Selecting the locations where DLP can be configured will provide different options within the rules. For example, having Exchange, SharePoint & OneDrive selected will provide fewer options than just having Exchange selected. As a result, I would always research the use cases for the organisation and then build out the DLP Policies per-location required, maximizing the configurable options available. It is highly advisable that when creating DLP Policies the business does so in the configuration of Test It Out First. This will provide the ability to review the policy matches and assess the results allowing for fine-tuning where required. Moreover, offering the chance to assess the policy’s impact before turning it on.

5.1 Alerting for Data Loss Prevention

Data Loss Prevention now has a dedicated Alerting area within the Data Loss Prevention Blade in the Compliance Centre, this will display all the alerts that have occurred in the environment. In addition to this, Data Loss Prevention auditing is available from the Reports Blade, then by navigating to Organizational Data, displayed within here is the following information:

➢ DLP Policy Matches: Displays the matches made when a policy is in test mode
➢ DLP Incidents: Displays the incidents that have taken occurred at the item level
➢ DLP False Positives & Overrides: Shows the Overrides or False Positive Feedback

5.2 Contributing Links:

➢ Learn About Data Loss Prevention:
Learn about data loss prevention – Microsoft 365 Compliance | Microsoft Docs
➢ Plan for Data Loss Prevention:
Plan for data loss prevention – Microsoft 365 Compliance | Microsoft Docs
➢ Data Loss Prevention Policy Reference:
Data Loss Prevention policy reference – Microsoft 365 Compliance | Microsoft Docs
➢ Get Started with Data Loss Prevention:
Get started with the default DLP policy – Microsoft 365 Compliance | Microsoft Docs
➢ Policy Tips for Data Loss Prevention:
Send email notifications and show policy tips for DLP policies – Microsoft 365 Compliance | Microsoft Docs
➢ Policy Tips Reference:
Data Loss Prevention policy tips reference – Microsoft 365 Compliance | Microsoft Docs
➢ Alerts for Data Loss Prevention:
View the reports for data loss prevention – Microsoft 365 Compliance | Microsoft Docs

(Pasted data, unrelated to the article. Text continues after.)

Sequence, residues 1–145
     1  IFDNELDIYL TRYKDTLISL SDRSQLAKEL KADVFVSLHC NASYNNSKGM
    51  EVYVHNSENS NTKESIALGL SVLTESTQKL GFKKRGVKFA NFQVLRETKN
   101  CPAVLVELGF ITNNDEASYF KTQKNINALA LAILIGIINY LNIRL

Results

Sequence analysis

6. Data Loss Prevention for Microsoft Teams (E3) & (E5)

Data Loss Prevention for Microsoft Teams can prevent the sharing of sensitive information within a Teams Chat or Channel, including Private Channels. DLP for Teams provides the business with the ability to block items that have been labelled with a Sensitivity Label or includes a Sensitive Information Type. This will block the item(s) from being shared within a Teams conversation where External access has been enabled, or, where a Teams conversation has a Guest is present. Along with blocking the item from being shared within the chat administrators can apply a Policy Tip, this will display a message to the user who has triggered the rule allowing the business to educate their users on why this type of sensitive information cannot be shared.

Here are a couple of examples from Microsoft Docs: –

Example 1:

Protecting sensitive information in messages. Suppose that someone attempts to share sensitive information in a Teams chat or channel with guests (external users). If you have a DLP policy defined to prevent this, messages with sensitive information that are sent to external users are deleted. This happens automatically, and within seconds, according to how your DLP policy is configured.

Example 2:

Protecting sensitive information in documents. Suppose that someone attempts to share a document with guests in a Microsoft Teams channel or chat, and the document contains sensitive information. If you have a DLP policy defined to prevent this, the document won’t open for those users. Your DLP policy must include SharePoint and OneDrive for protection to be in place. This is an example of DLP for SharePoint that shows up in Microsoft Teams, and therefore requires that users are licensed for Office 365 DLP (included in Office 365 E3) but does not require users to be licensed for Office 365 Advanced Compliance.)

Microsoft has recently announced four new Conditions in Teams Data Loss Prevention Policies. These introductions provide the business with an improved compliance position for Teams Chats and Channels.

Teams DLP new features:

➢ Sender is
➢ Recipient is
➢ Sender domain is
➢ Recipient domain is

6.1 Contributing Links: –

➢ Learn About DLP for Microsoft Teams
Learn about the default data loss prevention policy in Microsoft Teams (preview) – Microsoft 365 Compliance | Microsoft Docs
➢ Data Loss Prevention & Microsoft Teams
Data loss prevention and Microsoft Teams – Microsoft 365 Compliance | Microsoft Docs
➢ Announcing Public Preview of New Conditions in Teams DLP
Announcing Public Preview of New Conditions in Teams DLP – Microsoft Tech Community

7. EndPoint DLP (E5)